Reynold was a man who enjoyed life and the duties which came his way in the course of it. He was straightforward in his dealings and simple in his tastes; a good friend and a generous and loyal colleague, who was easy and pleasant company. He was exceedingly happy and fortunate in his family life. Just over a year ago he began to feel unwell, but cancer was not diagnosed until three weeks before his death. He is survived by his wife, their three sons and two daughters and seven grandchildren.

(Photographs omitted)

Start your day with The Independent, sign up for daily news emails
Latest stories from i100
Have you tried new the Independent Digital Edition apps?
Independent Dating
and  

By clicking 'Search' you
are agreeing to our
Terms of Use.

iJobs Job Widget
iJobs People

Guru Careers: Graduate Resourcer / Recruitment Account Executive

£18k + Bonus: Guru Careers: We are seeking a bright, enthusiastic and internet...

Reach Volunteering: Chair and trustees sought for YMCA Bolton

VOLUNTARY ONLY - EXPENSES REIMBURSED: Reach Volunteering: Bolton YMCA is now a...

Tradewind Recruitment: Geography Teacher

£150 - £180 per day: Tradewind Recruitment: Geography Teacher Geography teach...

Tradewind Recruitment: Geography Teacher

£150 - £180 per day: Tradewind Recruitment: Geography Teacher Geography teach...

Day In a Page

Sepp Blatter resignation: The beginning of Fifa's long road to reform?

Does Blatter's departure mean Fifa will automatically clean up its act?

Don't bet on it, says Tom Peck
Charles Kennedy: The baby of the House who grew into a Lib Dem giant

The baby of the House who grew into a Lib Dem giant

Charles Kennedy was consistently a man of the centre-left, dedicated to social justice, but was also a champion of liberty and an opponent of the nanny-state, says Baroness Williams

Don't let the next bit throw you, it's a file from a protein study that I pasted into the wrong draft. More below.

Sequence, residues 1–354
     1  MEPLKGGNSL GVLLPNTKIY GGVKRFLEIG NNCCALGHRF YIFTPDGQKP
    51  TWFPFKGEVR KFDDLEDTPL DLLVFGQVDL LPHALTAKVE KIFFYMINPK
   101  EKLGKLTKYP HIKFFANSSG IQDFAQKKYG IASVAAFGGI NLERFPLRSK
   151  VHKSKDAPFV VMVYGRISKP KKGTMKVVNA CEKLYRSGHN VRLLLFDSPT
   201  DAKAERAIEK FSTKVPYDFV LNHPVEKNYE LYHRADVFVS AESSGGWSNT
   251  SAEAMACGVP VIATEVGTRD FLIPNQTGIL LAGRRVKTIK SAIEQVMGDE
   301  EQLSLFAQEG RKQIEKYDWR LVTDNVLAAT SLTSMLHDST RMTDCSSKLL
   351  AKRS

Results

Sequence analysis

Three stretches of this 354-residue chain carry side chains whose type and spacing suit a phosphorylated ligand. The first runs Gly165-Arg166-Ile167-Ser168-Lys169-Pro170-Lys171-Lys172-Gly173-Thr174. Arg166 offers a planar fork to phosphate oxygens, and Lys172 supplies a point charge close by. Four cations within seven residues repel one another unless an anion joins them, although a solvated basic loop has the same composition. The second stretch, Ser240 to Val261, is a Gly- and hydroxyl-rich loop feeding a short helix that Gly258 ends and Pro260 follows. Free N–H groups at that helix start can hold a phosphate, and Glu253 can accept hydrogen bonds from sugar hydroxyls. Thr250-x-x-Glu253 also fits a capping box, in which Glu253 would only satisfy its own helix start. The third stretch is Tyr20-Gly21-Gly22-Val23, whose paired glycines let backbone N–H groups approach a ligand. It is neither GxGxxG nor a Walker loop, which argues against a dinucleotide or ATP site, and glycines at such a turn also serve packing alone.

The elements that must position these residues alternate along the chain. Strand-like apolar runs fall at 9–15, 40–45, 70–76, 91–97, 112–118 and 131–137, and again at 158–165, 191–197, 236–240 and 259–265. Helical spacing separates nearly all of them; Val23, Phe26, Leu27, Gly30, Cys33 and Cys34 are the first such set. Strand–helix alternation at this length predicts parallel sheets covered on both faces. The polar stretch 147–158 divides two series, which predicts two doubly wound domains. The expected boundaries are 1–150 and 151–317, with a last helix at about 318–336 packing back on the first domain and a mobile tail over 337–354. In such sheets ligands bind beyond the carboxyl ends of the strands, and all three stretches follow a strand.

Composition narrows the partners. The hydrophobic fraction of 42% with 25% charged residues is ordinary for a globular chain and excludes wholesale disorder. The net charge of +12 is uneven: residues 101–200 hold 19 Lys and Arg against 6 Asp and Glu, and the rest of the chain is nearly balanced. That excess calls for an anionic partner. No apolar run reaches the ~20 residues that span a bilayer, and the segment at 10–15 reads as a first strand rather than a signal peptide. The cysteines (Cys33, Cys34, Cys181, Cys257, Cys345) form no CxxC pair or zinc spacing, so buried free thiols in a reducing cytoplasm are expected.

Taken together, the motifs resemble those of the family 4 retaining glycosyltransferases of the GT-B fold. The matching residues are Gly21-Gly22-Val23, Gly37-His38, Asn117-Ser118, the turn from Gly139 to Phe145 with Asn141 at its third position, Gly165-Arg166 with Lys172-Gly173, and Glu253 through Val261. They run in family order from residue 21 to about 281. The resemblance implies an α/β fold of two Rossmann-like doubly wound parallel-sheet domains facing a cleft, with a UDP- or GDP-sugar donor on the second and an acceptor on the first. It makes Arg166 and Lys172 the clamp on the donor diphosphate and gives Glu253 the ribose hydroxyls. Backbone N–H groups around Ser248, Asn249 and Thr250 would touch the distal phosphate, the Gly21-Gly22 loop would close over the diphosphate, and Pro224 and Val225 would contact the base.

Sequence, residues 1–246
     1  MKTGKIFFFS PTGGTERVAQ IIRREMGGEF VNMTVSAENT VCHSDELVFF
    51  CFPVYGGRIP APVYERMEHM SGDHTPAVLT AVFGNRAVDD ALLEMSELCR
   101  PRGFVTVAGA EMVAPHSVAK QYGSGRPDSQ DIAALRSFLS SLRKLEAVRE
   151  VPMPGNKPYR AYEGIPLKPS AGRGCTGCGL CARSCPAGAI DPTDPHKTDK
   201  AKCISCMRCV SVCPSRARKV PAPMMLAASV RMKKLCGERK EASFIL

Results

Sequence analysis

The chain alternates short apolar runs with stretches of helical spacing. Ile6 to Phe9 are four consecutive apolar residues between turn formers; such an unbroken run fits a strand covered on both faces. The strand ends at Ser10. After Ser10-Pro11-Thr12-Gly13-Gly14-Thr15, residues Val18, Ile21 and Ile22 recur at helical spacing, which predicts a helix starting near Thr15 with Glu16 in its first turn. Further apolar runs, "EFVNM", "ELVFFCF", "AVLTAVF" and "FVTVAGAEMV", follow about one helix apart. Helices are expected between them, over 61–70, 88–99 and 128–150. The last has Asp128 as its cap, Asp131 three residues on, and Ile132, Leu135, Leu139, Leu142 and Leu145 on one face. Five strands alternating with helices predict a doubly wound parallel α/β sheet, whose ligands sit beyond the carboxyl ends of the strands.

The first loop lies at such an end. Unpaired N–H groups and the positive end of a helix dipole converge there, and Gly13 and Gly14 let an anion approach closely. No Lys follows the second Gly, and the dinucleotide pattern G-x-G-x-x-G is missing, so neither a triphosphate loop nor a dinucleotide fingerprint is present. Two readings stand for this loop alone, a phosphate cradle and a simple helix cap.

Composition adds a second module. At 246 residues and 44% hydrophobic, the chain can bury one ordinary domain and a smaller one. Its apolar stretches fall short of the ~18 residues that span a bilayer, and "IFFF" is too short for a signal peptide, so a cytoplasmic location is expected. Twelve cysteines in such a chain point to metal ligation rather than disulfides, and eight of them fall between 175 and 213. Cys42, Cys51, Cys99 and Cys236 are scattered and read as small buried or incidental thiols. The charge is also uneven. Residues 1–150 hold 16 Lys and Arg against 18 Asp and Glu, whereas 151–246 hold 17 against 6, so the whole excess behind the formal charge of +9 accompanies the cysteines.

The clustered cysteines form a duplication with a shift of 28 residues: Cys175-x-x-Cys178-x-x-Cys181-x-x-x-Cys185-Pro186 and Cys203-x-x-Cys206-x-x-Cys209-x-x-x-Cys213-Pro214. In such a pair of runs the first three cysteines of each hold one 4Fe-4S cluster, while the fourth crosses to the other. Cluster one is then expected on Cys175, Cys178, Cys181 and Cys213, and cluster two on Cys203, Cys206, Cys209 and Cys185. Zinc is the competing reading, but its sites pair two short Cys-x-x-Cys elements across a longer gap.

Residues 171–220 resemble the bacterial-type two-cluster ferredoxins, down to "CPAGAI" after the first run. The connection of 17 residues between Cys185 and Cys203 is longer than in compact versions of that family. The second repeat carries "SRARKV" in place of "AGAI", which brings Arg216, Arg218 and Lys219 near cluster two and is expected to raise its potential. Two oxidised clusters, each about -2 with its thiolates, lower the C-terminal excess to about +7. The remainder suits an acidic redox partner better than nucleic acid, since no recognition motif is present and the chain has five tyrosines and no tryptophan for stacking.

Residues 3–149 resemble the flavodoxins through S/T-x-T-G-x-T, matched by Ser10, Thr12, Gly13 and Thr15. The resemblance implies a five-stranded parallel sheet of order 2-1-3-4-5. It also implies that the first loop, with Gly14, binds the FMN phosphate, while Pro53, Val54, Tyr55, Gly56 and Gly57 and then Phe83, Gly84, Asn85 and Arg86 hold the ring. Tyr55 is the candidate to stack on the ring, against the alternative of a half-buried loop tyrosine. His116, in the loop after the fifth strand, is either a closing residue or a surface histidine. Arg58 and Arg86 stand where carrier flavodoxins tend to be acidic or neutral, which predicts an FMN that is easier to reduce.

Syria civil war: The harrowing testament of a five-year-old victim of this endless conflict

The harrowing testament of a five-year-old victim of Syria's endless civil war

Sahar Qanbar lost her mother and brother as civilians and government soldiers fought side by side after being surrounded by brutal Islamist fighters. Robert Fisk visited her
The future of songwriting: How streaming is changing everything we know about making music

The future of songwriting

How streaming is changing everything we know about making music
William Shemin and Henry Johnson: Jewish and black soldiers receive World War I Medal of Honor amid claims of discrimination

Recognition at long last

Jewish and black soldiers who fought in WWI finally receive medals after claims of discrimination
Beating obesity: The new pacemaker which helps over-eaters

Beating obesity

The new pacemaker which helps over-eaters
9 best women's festival waterproofs

Ready for rain: 9 best women's festival waterproofs

These are the macs to keep your denim dry and your hair frizz-free(ish)
Cycling World Hour Record: Nervous Sir Bradley Wiggins ready for pain as he prepares to go distance

Wiggins worried

Nervous Sir Bradley ready for pain as he prepares to attempt cycling's World Hour Record
Liverpool close in on Milner signing

Liverpool close in on Milner signing

Reds baulk at Christian Benteke £32.5m release clause
On your feet! Spending at least two hours a day standing reduces the risk of heart attacks, cancer and diabetes, according to new research

On your feet!

Spending half the day standing 'reduces risk of heart attacks and cancer'
With scores of surgeries closing, what hope is there for the David Cameron's promise of 5,000 more GPs and a 24/7 NHS?

The big NHS question

Why are there so few new GPs when so many want to study medicine?
Big knickers are back: Thongs ain't what they used to be

Thongs ain't what they used to be

Big knickers are back
Thurston Moore interview

Thurston Moore interview

On living in London, Sonic Youth and musical memoirs
In full bloom

In full bloom

Floral print womenswear
From leading man to Elephant Man, Bradley Cooper is terrific

From leading man to Elephant Man

Bradley Cooper is terrific